1. Lols, I don’t have much, at least none that is due immediately. You never know though. You could be busy with something and this patron shows up out of nowhere and you are on a wild goose chase for some random person or fact in the archives. This only happens when you are, for once, busy with other stuff.

      1. Isn’t that always the way?

        1. Like, damn it patrons, wtf do you want?

  6. I’m done with Year 3, and I’m hanging in between, after knowing God-awful year 3. Applying for jobs for years 4-40 is the hardest thing I can now imagine doing, am positively dreading it.
    What I can say to you is, I have many more years of suffering through work, at a career I’m only now realizing how much I dislike, and I’m already bored and terrified! Maybe you’re better off than me. I really hope you feel better… Madhura.

    1. I’ve had several jobs, and have never worked more than 4 years at one (am a little over 4 years here). I also had some time off in there, time working part time, etc while raising children. I wish I could go back to that, but time at home is not always great either. They expect you to clean and stuff.

  7. I’m supposed to be composing a letter right now. Read between those lines…

    1. I wonder how many people that are supposed to be working round the world are on the internet goofing off?

  8. I love my job…it’s not just the saying. When I don’t care about it, I know something is wrong. So far, it is the only thing I do well.

    1. I’m glad you love your job. I did at first, I really did. But something is up – and I don’t know how much of it is where I am, and how much is how I feel. Or if I feel this way because of where I am . . . etc.

  9. Reading this was similar to reading my own thoughts… I have a job that I know many would be happy to have, but I am bored out of my skull, left unchallenged with no room for growth or creativity. I am grateful that I do not have to worry about paychecks or dental; yet I dread coming to work in the mornings because I feel like I am completely wasting my life… There are so many things I would rather be doing…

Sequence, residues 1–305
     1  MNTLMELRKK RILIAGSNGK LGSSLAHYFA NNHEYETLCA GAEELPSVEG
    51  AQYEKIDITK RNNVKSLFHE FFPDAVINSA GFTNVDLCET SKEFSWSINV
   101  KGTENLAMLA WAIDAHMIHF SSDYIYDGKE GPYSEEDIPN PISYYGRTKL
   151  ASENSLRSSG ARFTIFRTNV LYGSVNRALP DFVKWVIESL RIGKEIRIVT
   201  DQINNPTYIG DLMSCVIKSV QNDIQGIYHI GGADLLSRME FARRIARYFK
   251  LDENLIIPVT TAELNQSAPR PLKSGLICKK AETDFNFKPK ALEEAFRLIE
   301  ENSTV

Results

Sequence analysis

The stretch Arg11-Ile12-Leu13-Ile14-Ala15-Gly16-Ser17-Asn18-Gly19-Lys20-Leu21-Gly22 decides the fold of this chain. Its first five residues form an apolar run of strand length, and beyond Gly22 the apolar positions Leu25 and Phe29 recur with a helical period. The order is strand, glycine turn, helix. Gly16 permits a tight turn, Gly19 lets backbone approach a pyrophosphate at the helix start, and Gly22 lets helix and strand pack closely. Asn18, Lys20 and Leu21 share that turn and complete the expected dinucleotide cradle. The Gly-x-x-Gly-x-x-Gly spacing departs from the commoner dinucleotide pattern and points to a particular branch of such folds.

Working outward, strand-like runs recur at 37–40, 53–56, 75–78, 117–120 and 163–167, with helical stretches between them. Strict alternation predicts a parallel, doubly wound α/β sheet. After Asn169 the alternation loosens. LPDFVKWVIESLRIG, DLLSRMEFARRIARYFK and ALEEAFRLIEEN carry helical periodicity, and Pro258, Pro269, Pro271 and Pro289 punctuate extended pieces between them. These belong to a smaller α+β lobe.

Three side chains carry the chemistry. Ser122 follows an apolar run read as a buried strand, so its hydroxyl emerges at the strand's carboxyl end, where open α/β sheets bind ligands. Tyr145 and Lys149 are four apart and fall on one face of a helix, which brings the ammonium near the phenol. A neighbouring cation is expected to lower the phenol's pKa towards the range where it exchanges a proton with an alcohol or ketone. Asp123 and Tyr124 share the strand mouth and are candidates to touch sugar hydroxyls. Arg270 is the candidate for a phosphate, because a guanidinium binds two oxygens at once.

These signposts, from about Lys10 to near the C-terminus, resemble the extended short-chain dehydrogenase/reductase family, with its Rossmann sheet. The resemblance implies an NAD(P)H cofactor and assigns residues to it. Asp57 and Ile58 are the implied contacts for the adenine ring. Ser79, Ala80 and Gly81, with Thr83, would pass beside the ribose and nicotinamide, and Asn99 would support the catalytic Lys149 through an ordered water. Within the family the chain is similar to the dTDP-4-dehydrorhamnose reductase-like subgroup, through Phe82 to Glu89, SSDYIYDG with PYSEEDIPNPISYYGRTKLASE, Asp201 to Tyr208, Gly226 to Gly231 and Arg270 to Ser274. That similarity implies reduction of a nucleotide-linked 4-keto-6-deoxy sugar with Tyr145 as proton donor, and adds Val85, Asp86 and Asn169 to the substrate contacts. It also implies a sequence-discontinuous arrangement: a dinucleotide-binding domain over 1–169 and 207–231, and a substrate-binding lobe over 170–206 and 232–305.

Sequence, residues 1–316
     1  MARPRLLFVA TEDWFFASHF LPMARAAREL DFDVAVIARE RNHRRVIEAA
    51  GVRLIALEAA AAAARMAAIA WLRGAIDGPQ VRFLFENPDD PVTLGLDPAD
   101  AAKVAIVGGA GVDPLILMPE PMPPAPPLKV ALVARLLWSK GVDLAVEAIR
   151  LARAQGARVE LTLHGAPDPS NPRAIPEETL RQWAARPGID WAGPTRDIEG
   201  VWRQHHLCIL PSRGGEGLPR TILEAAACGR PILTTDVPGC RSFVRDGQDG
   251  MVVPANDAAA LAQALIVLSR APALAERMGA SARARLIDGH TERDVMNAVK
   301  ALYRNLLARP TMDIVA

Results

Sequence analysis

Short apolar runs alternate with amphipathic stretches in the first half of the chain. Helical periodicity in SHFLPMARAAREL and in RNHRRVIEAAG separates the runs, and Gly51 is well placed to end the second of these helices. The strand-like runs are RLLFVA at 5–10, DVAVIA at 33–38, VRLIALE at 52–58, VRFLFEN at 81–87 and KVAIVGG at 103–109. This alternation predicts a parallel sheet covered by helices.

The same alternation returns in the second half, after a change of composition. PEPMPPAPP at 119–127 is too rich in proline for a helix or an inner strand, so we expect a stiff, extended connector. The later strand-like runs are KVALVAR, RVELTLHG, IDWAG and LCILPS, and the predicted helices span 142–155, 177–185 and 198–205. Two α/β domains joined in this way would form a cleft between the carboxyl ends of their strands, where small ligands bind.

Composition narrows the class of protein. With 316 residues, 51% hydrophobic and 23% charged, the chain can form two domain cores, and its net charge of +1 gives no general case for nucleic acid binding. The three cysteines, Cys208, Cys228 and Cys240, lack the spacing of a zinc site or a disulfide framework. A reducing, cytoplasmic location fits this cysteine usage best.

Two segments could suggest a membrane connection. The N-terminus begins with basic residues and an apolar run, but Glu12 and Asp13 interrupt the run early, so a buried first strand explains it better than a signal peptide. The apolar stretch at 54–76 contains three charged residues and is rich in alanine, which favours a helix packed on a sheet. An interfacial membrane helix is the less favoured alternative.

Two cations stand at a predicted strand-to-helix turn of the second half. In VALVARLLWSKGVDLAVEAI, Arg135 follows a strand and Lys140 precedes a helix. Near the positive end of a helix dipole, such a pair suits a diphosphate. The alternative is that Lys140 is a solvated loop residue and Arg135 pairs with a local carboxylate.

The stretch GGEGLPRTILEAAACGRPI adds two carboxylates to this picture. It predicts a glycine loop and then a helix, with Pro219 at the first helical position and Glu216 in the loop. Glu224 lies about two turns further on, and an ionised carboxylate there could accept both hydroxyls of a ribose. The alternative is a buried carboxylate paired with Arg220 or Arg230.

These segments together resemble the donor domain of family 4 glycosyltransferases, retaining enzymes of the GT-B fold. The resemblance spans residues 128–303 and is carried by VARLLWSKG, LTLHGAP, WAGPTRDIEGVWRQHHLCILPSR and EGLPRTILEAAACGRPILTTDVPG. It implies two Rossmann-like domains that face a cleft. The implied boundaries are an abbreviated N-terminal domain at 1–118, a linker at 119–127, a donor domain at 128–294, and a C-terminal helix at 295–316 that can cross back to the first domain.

1. No kidding! You know the saying “Live like you were dying”? That is totally unrealistic. I mean, if I did find out I had like 6 months to live you can bet I’d quit my job and get to that bucket list – if I was not too sick to do it. But if you’re going to keep living, you can’t very well do that cause you’re going to have to keep paying bills and all that other nasty stuff. So that whole YOLO thing is crap.

      1. uh yea YOLO and the real world – you know the one where we didn’t inherit a small fortune from some dead relative, so we can do whatever we want every day – don’t really mix. If I was told I had 6 months to a year left, one of the first things I’d do is quit this job!

  10. I have the same problem. Sometimes I’ll force myself to finish something before I allow myself to get distracted. But that doesn’t always work. Then, I’ll start thinking about the song “Working for the Weekend” and next thing you know, I’m reading about the history of Loverboy on Wikipedia.

    1. Hahaha! Oh, that is too, too familiar. Link to the link to the link . . .

  11. This post induced so much laughter, I had tears in my eyes… ! Hysterical, or it would be were you not living it. I think you are gracing them with your mere presence… =)